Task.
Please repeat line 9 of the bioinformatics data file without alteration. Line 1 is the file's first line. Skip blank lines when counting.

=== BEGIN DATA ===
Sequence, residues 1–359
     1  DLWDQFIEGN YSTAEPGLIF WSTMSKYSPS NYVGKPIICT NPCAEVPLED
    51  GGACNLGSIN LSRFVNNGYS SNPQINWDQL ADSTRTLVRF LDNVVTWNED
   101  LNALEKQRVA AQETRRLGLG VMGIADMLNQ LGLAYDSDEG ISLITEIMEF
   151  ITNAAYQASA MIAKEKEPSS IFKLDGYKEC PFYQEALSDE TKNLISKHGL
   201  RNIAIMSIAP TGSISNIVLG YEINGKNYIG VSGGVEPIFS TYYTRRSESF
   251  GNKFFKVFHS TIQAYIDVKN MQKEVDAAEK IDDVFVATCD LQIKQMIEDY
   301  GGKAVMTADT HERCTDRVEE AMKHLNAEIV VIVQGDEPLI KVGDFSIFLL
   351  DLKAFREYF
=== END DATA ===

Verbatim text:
   351  DLKAFREYF